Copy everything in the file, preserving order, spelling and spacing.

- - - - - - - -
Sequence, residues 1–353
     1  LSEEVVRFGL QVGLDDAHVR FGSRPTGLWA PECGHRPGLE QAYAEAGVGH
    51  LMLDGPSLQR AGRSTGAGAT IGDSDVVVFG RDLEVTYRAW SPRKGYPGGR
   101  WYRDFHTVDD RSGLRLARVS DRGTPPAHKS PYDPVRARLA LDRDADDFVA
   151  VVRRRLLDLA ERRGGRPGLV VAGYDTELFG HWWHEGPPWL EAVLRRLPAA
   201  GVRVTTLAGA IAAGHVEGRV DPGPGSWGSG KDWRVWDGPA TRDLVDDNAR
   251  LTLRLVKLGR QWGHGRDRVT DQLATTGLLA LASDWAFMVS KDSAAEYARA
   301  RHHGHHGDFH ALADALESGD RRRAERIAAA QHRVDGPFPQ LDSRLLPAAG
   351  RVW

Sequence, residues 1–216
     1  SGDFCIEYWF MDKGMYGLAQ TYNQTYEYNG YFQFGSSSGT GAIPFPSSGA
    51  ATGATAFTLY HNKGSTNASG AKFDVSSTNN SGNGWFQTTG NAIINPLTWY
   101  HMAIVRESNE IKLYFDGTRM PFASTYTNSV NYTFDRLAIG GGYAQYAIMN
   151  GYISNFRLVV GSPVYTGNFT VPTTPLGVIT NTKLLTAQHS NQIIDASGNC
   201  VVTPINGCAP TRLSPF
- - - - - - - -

Sequence, residues 1–353
     1  LSEEVVRFGL QVGLDDAHVR FGSRPTGLWA PECGHRPGLE QAYAEAGVGH
    51  LMLDGPSLQR AGRSTGAGAT IGDSDVVVFG RDLEVTYRAW SPRKGYPGGR
   101  WYRDFHTVDD RSGLRLARVS DRGTPPAHKS PYDPVRARLA LDRDADDFVA
   151  VVRRRLLDLA ERRGGRPGLV VAGYDTELFG HWWHEGPPWL EAVLRRLPAA
   201  GVRVTTLAGA IAAGHVEGRV DPGPGSWGSG KDWRVWDGPA TRDLVDDNAR
   251  LTLRLVKLGR QWGHGRDRVT DQLATTGLLA LASDWAFMVS KDSAAEYARA
   301  RHHGHHGDFH ALADALESGD RRRAERIAAA QHRVDGPFPQ LDSRLLPAAG
   351  RVW

Sequence, residues 1–216
     1  SGDFCIEYWF MDKGMYGLAQ TYNQTYEYNG YFQFGSSSGT GAIPFPSSGA
    51  ATGATAFTLY HNKGSTNASG AKFDVSSTNN SGNGWFQTTG NAIINPLTWY
   101  HMAIVRESNE IKLYFDGTRM PFASTYTNSV NYTFDRLAIG GGYAQYAIMN
   151  GYISNFRLVV GSPVYTGNFT VPTTPLGVIT NTKLLTAQHS NQIIDASGNC
   201  VVTPINGCAP TRLSPF